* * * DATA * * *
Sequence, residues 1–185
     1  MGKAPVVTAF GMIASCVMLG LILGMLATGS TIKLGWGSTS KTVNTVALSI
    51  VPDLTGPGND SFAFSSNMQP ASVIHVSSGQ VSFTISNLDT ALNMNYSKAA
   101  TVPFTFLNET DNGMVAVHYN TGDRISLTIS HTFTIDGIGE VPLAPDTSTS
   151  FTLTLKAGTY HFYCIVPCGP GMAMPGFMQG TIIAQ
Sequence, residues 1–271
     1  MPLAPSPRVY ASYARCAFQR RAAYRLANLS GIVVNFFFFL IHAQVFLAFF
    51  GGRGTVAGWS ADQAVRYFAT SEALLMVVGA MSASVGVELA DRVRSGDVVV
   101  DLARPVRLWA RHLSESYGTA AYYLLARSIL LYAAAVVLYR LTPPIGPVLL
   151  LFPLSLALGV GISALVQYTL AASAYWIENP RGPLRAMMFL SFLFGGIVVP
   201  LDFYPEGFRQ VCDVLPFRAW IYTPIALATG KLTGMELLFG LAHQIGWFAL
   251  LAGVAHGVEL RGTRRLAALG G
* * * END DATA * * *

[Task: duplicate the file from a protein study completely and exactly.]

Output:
Sequence, residues 1–185
     1  MGKAPVVTAF GMIASCVMLG LILGMLATGS TIKLGWGSTS KTVNTVALSI
    51  VPDLTGPGND SFAFSSNMQP ASVIHVSSGQ VSFTISNLDT ALNMNYSKAA
   101  TVPFTFLNET DNGMVAVHYN TGDRISLTIS HTFTIDGIGE VPLAPDTSTS
   151  FTLTLKAGTY HFYCIVPCGP GMAMPGFMQG TIIAQ
Sequence, residues 1–271
     1  MPLAPSPRVY ASYARCAFQR RAAYRLANLS GIVVNFFFFL IHAQVFLAFF
    51  GGRGTVAGWS ADQAVRYFAT SEALLMVVGA MSASVGVELA DRVRSGDVVV
   101  DLARPVRLWA RHLSESYGTA AYYLLARSIL LYAAAVVLYR LTPPIGPVLL
   151  LFPLSLALGV GISALVQYTL AASAYWIENP RGPLRAMMFL SFLFGGIVVP
   201  LDFYPEGFRQ VCDVLPFRAW IYTPIALATG KLTGMELLFG LAHQIGWFAL
   251  LAGVAHGVEL RGTRRLAALG G